A still from Michael Smith's "Go For It, Mike"

04:40 min., color, sound
Courtesy of the artist

Only a few years after Chicago-born artist Michael Smith graduated from Colorado College in 1973 with a degree in painting, his practice took a significant turn. Rather than switching from oil to acrylic paint or moving from abstraction to figuration, Smith abandoned his brushes and canvas and ventured into the then-nascent genre of performance art. Since his first pieces—such as Down in the Rec Room (1979) and USA Freestyle Disco Championship (1979)—debuted his acclaimed persona “Mike,” performances have been featured internationally in solo and group exhibitions at the Whitney Museum of American Art, Tate Modern, Sculpture Center, ICA Philadelphia, New Museum of Contemporary Art, Baltic Centre for Contemporary Art, Museo Jumex, and the Blanton Museum at The University of Texas at Austin, where he has been a professor since 2001.

Smith’s early influences include deadpan comedians like Jackie Vernon; mid-twentieth-century kids’ shows; and naïve, befuddled characters such as Jacques Tati and Buster Keaton. His first character, Baby Ikki, is an oversized, eighteen-month-old infant, whom he has continued to play for more than forty years. Wearing a diaper and bonnet and sucking on a pacifier, the easily distracted baby has wandered through a range of scenarios, from reveling at his own birthday party (Baby Ikki's Birthday Party, 2008) to wandering unattended at the Burning Man festival in Nevada’s Black Rock Desert (A Voyage of Growth and Discovery, 2010). Baby Ikki has been called “an archetype with an unclear mission, onto which spectators project their own interpretations.” 

A similar description could also be applied to Smith’s celebrated persona “Mike,” another blank slate. The dull, ordinary, but nonetheless confident and optimistic guy who “believes everything and follows anything,” was developed by the artist in the late 1970s. Smith explained, “A lot of people seem to empathize with Mike. . . . I think of him as a kind of Everyman. . . . He is 30 going on 50 and very middle class.” Smith’s first video featuring Mike was Secret Horror (1980). In it the character experiences a nightmare in which he encounters ghosts who invade his home and transport him to a TV game show. The video includes a variety of popular cultural references, such as songs by Neil Diamond and The Kingston Trio as well as the snack Bridge Mix, thus mining the “collective cultural unconscious of trashy sitcoms, pop songs and brand names.”

Smith’s fascination with and investigation into the impact of TV and pop culture continued in Go For It, Mike (1984), which takes it cues from the music video format of then-thriving MTV, while offering trenchant commentary on the social and political inequities of the American Dream. Set to a pop-rock melody, it begins with shots of Smith’s Pinto driving across town to a university, where Smith and a back-up chorus dance and sing the lyrics of “Go For It, Mike.” The song describes the personality of Mike, a man who “looks to the future and doesn’t ask why.” Dressed in prep-school style with a “MIKE” belt buckle, he takes in history lessons on Manifest Destiny, extolling its virtues, along with the mantra, “Some people are born to win [and] some people are born to lose.”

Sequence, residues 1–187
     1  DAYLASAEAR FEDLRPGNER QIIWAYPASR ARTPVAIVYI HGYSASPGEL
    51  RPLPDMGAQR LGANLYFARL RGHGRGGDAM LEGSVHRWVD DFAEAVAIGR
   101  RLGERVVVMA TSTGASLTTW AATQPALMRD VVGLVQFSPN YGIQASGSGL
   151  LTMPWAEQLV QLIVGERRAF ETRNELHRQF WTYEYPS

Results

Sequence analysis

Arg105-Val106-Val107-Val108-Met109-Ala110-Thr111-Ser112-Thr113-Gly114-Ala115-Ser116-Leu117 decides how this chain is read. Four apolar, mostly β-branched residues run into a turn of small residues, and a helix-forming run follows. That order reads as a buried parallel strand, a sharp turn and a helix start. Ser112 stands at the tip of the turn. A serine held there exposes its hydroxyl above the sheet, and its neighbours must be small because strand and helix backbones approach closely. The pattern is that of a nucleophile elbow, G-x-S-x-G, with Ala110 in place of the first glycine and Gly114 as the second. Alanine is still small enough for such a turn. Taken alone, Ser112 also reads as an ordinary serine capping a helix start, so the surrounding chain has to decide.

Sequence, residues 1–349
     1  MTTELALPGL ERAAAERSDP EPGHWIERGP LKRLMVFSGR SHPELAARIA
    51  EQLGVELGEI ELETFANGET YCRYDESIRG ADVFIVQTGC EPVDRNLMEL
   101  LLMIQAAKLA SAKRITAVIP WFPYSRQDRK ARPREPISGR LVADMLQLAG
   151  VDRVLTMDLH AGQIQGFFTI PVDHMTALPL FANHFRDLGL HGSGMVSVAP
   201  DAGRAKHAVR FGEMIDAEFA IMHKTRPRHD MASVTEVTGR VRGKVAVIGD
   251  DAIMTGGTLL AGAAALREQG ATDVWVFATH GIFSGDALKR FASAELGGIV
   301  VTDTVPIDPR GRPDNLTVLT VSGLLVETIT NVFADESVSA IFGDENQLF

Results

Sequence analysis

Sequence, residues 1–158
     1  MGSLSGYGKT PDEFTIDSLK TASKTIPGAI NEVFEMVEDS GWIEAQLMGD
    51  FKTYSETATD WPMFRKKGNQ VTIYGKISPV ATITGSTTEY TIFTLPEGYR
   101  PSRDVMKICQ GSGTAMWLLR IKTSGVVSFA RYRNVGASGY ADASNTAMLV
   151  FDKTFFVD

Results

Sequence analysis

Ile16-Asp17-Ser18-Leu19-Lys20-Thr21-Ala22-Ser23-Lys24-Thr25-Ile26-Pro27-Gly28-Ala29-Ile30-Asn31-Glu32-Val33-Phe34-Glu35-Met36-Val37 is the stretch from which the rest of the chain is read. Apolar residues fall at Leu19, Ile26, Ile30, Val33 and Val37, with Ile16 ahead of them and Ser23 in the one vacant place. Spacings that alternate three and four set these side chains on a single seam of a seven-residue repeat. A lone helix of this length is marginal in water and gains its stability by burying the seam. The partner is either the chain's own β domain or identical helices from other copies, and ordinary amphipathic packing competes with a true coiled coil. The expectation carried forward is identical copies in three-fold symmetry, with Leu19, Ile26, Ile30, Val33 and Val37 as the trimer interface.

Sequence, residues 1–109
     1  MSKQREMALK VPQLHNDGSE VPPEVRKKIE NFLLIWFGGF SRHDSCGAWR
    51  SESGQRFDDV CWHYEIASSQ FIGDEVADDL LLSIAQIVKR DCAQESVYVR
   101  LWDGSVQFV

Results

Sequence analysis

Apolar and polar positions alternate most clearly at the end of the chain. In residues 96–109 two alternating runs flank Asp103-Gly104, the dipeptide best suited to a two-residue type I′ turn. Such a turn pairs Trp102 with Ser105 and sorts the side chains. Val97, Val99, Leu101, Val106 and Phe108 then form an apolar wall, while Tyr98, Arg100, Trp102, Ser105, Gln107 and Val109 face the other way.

The artist mocks this idea and type of person who subscribes to it, as he simulates riding horseback on a carousel and conducting a train that remains stationary. Despite the incompetence of Mike, he fails upward. Ascending in society, politics, and business, he gives whistlestop tours and oversees housing development plans, suggesting a tragic inevitability of his success. 

The artist Smith recounted, “In the 80s I reacted to Reaganomics. It was hard for me to accept the Reagan message as sincere. I always projected a cynicism onto it. So, in a way, I was just representing what they were serving up to the American population.” Amid the fervor of the video’s song and dance routine, Smith’s droll expressions convey an emptiness in his gestures and pursuits. The video accordingly ends with a nod toward the insincerity and especially the banality of power, when Smith looks to the distance and feebly states, “Maybe I’ll go for it.” —Kanitra Fletcher